In celebration of Black History Month in February, here are five African-American leaders who got their start in Scouting.
Martin Luther King Jr., Boy Scout and Civil Rights Pioneer
Before becoming the leader of the Civil Rights Movement in the 1960s and delivering the famous “I Have a Dream” speech, Martin Luther King Jr. was a Boy Scout. From ages 11 to 13, King was registered as a member of Troop 151 in Atlanta, Georgia. His troop met at Ebenezer Baptist Church, now part of the Martin Luther King Jr. National Historic Site.
Cool fact: King was such a gifted student that he entered college at age 15.
Ernest Green, Distinguished Eagle Scout and Member of the Little Rock Nine
Ernest Green made history as a member of the Little Rock Nine, a name given to the first black students ever to attend classes at Little Rock Central High School in Arkansas. In 1958, Green became the first African-American student to graduate from the high school. In 1999, he was awarded the Congressional Gold Medal, the highest civilian award in the U.S.
Cool fact: Green has been portrayed in two movies: Crisis at Central High and The Ernest Green Story.
Hank Aaron, Boy Scout and Baseball Legend
Hank Aaron hit 755 home runs in his legendary baseball career — the second most in history. Hammerin’ Hank is considered one of the greatest players ever, playing in 25 All-Star Games and winning three Gold Glove awards for fielding. Aaron is often incorrectly regarded as an Eagle Scout, but he has been a friend of Scouting throughout his life.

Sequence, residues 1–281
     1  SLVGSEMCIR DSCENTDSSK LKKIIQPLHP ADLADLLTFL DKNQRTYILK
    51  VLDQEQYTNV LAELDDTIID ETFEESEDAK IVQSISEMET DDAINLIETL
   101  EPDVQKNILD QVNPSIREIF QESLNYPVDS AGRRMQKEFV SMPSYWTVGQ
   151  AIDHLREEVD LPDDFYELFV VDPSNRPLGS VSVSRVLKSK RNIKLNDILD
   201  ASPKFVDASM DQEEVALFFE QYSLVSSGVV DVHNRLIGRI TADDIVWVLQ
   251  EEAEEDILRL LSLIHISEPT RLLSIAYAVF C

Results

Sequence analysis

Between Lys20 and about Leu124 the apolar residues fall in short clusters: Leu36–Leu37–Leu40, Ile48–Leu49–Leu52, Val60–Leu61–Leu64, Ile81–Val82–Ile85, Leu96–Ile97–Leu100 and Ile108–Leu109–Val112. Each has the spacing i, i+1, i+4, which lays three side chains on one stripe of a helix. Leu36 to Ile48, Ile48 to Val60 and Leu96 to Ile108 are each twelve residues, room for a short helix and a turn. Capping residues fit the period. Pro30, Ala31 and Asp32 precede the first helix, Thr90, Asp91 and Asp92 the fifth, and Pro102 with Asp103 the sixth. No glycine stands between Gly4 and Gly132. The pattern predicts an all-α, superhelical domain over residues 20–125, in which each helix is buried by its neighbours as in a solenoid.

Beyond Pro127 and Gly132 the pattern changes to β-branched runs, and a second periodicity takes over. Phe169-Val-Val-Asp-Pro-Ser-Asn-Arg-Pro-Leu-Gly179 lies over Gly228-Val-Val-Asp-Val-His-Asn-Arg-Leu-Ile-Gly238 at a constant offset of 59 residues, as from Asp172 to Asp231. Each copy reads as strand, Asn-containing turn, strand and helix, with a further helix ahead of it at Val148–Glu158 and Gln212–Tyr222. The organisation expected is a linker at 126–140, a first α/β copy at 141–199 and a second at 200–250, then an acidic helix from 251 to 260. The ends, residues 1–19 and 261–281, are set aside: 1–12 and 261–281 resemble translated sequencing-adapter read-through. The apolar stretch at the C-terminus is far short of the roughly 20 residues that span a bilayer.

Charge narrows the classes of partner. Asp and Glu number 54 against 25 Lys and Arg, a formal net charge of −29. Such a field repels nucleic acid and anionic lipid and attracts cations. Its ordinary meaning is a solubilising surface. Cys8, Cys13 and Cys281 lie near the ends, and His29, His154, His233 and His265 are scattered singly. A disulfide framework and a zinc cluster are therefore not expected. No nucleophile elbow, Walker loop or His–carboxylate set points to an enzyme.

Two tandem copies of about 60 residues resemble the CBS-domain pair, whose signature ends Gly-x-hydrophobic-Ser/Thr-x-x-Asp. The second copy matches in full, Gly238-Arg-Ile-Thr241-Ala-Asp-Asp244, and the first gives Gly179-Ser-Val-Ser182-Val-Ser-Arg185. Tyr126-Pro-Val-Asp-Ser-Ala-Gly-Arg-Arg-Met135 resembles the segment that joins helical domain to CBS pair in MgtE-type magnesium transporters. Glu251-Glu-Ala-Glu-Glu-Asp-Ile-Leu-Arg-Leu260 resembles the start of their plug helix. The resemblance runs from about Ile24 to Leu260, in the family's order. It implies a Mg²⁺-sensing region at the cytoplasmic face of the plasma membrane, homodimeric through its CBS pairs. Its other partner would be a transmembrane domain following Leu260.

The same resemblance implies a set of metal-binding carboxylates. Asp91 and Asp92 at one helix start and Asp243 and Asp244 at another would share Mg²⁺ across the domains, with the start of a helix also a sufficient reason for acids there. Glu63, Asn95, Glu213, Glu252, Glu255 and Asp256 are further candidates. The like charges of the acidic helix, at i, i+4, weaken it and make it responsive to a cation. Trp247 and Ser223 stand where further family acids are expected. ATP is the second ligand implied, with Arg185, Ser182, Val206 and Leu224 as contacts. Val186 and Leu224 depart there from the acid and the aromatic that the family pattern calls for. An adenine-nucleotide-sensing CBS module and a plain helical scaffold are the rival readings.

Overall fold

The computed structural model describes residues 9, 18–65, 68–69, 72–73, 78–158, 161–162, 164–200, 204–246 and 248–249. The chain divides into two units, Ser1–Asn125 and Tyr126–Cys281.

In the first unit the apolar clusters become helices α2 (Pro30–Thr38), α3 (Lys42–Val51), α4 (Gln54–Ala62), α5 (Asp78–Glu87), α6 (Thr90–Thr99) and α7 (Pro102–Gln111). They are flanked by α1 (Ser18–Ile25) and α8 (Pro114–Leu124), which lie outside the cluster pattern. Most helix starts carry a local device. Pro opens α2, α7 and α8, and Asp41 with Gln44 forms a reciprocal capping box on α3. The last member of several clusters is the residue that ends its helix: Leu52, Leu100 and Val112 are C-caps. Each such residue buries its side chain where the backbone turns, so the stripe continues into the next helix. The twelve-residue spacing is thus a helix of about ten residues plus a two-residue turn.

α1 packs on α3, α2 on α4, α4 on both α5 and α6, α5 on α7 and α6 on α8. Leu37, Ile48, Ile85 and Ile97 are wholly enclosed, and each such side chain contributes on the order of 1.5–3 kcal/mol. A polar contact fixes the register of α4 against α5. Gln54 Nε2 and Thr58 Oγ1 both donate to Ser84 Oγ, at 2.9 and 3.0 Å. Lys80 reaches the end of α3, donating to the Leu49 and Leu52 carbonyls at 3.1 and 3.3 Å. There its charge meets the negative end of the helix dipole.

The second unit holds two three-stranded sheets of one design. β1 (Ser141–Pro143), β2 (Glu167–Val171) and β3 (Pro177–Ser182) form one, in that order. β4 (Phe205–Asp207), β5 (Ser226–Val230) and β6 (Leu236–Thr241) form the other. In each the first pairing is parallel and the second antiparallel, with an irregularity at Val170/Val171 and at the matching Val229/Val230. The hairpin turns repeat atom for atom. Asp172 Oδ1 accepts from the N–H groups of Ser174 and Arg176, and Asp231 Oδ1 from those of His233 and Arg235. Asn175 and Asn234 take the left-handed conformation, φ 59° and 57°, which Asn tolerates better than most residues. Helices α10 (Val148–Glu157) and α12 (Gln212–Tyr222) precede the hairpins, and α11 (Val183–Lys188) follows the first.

Cool fact: The National Baseball Hall of Fame in Cooperstown, New York, features a permanent exhibit dedicated to Aaron. He and Babe Ruth are the only two players with that honor.
Guion Bluford, Eagle Scout and the First African-American in Space
After serving in the Air Force for 13 years, Guion Bluford set his sights on space. He was named an astronaut and, in 1983, became the first African-American in space. In all, he participated in four space shuttle flights from 1983 to 1992 and rose to the rank of colonel.
Cool fact: As an Air Force engineer, Bluford logged more than 5,200 hours of flight time in jets like the T-33 and F-5E.
Emery Moorehead, Distinguished Eagle Scout and Super Bowl Champion
Emery Moorehead played 12 seasons as a tight end in the National Football League and was on the Chicago Bears team that won Super Bowl XX. In his career, Moorehead had 224 receptions for 2,980 yards and 15 touchdowns.
Cool fact: Moorehead was on the Bears team that starred in the infamous “Super Bowl Shuffle” music video. Check it out below.
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